''Last year, we would go to the coast to investigate a case, then come back with five more. We realized we needed a new, more comprehensive approach,'' he said.
The raids have rocked this small nation, sparking headlines and debate about the future of eco-tourism and the country's laws and infrastructure.
Many environmentalists have been shocked by the grand scale of the Tribunal raids: ''Almost a miracle,'' said Hector González, director of the Costa Rican Federation for Environmental Conservation (FECON), a coalition of more than 30 of the country's most active green groups.
''The Tribunal has done valiant work,'' he said. "But like so many institutions, it suffers from an extreme lack of funding. What they've revealed is only the tip of the iceberg.''
The court, housed in a ramshackle, single-story building in the downtown district of the capital city of San José, has only 12 employees and three judges to handle thousands of cases each year across the country.
Studies by the country's Federated School of Engineers and Architects (CFIA) revealed nearly one in four developments along the Pacific coastline lacked proper permits — a daunting task for a small administrative court.
''It's David vs. Goliath,'' said González, whose group is calling for more funding of environmental permitting and enforcement institutions. "Enforcing the law after it's been broken is one thing. But the question is, how do we make developers obey it from the start?''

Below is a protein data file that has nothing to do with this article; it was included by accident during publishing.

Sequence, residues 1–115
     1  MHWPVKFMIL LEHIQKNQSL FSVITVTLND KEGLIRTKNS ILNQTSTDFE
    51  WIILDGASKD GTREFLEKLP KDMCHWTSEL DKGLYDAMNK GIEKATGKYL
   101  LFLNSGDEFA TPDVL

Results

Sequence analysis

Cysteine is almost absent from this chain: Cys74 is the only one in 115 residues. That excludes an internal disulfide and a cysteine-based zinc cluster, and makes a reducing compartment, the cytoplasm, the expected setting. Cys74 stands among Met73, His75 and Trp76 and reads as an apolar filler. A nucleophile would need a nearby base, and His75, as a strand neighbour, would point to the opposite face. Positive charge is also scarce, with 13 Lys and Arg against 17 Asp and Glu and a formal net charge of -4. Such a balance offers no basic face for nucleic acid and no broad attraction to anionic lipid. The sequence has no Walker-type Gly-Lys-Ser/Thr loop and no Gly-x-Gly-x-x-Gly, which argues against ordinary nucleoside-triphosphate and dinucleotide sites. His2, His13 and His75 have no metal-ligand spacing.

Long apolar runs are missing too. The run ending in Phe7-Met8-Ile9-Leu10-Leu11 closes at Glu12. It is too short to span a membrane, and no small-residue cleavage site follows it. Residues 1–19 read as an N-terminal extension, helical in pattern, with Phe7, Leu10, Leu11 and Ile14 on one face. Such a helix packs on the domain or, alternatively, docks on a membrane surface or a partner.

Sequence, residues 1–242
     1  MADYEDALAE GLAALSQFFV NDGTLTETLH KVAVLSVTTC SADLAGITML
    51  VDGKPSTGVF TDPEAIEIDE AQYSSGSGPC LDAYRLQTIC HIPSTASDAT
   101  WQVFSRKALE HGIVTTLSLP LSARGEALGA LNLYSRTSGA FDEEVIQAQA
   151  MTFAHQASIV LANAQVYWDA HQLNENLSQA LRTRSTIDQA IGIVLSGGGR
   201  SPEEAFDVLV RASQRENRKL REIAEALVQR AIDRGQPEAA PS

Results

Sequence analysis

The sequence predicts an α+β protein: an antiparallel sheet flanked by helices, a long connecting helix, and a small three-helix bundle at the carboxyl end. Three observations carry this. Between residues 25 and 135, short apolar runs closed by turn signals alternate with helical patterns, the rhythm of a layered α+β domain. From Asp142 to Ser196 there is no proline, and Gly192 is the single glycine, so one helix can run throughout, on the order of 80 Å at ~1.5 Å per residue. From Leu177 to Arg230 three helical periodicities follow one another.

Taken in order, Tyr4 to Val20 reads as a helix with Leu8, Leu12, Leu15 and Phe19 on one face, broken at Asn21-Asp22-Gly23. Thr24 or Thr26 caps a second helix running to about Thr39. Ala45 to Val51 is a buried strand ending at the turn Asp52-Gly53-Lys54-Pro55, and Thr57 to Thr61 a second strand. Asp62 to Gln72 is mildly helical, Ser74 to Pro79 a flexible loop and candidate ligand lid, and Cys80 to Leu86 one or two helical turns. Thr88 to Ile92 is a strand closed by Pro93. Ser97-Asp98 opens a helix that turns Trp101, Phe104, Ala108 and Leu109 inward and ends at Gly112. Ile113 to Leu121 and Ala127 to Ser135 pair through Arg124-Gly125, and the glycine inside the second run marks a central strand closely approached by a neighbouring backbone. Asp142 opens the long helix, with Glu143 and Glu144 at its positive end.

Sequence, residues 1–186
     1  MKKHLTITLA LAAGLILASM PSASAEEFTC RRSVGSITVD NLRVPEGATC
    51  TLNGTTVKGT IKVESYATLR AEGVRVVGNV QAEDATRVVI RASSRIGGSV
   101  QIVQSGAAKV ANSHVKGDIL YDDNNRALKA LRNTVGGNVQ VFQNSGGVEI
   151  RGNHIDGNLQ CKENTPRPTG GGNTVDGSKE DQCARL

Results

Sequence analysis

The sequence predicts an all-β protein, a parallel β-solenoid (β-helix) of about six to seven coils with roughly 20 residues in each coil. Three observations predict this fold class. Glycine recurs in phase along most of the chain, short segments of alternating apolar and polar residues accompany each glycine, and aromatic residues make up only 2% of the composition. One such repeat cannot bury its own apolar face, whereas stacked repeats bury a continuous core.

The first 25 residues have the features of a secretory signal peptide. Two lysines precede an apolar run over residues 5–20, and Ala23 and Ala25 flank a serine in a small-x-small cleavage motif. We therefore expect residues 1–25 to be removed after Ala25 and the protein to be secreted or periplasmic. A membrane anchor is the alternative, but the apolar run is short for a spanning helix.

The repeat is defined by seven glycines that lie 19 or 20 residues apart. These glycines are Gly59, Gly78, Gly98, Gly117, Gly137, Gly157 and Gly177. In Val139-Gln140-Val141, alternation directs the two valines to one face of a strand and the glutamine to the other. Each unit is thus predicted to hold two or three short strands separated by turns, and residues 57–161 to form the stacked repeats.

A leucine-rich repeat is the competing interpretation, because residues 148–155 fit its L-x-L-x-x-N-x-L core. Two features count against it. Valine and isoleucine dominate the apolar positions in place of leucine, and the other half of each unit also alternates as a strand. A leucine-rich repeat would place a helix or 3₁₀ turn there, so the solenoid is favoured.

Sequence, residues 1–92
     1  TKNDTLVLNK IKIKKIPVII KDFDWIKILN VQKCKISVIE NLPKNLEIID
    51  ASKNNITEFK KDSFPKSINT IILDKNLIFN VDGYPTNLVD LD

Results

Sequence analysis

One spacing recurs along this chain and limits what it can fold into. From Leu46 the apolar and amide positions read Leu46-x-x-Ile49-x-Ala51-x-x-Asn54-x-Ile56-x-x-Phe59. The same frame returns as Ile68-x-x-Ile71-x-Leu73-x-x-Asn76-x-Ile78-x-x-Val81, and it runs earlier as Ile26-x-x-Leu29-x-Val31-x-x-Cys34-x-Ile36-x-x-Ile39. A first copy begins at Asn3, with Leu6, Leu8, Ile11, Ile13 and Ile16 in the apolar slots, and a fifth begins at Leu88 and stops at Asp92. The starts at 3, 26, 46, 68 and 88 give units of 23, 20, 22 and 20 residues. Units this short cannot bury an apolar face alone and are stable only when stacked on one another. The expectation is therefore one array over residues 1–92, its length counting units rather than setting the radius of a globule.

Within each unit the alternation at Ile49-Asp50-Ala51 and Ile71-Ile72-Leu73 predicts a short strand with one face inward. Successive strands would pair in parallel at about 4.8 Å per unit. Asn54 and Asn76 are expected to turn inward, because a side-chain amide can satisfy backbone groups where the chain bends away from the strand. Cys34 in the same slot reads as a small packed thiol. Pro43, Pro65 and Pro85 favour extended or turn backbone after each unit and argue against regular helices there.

Still, the raids have left their mark.
Judges have received multiple anonymous death threats, been pursued by unmarked vehicles, and even Chaves' wife was threatened after high-profile raids of mega development projects along the North Pacific coast.
It was evidence, he admits, of the high stakes involved in Costa Rica's big-money construction market — which last year attracted $800 million in tourism investment, according to the country's Tourism Institute (ICT).
Though the perpetrators have yet to be found, the Tribunal insists the strict enforcement will continue.
''The time has come for Costa Rica to own up to its environmental commitment,'' the three judges wrote in a letter of solidarity shortly after the death threats.
"Do we force compliance with our environmental legislation, sending the country on a clear course towards sustainable development, or do we give in to this pressure?''
Many developers, even those punished by the Tribunal, have come to agree.
Andrea Ovares, a lawyer for Costa Montaña, a Pacific coast development recently charged with more than $1 million in environmental damages, says her company and others have learned the hard way.
''Many people come here with money to invest, but without the expertise or understanding of the laws,'' she said. "The Tribunal is forcing that to change, and we support it.''
The development has since hired new environmental consultants and proposed a $500,000 remediation plan. Tribunal judges have allowed Costa Montaña to continue building on part of its property, though the case remains under review.
Mauricio Castro, president of the Costa Rica Real Estate Broker's Board, says the effect on developers, real estate agents and even those looking to buy property will be monumental.
The country, he says, was caught unprepared by an onslaught of development — often illegal — and now must make up for lost time.
''If we don't start to respect our laws, the Costa Rica we have all come to love will cease to exist,'' he said. "If the water is polluted and the forest lost, our homes and properties will be worth nothing.''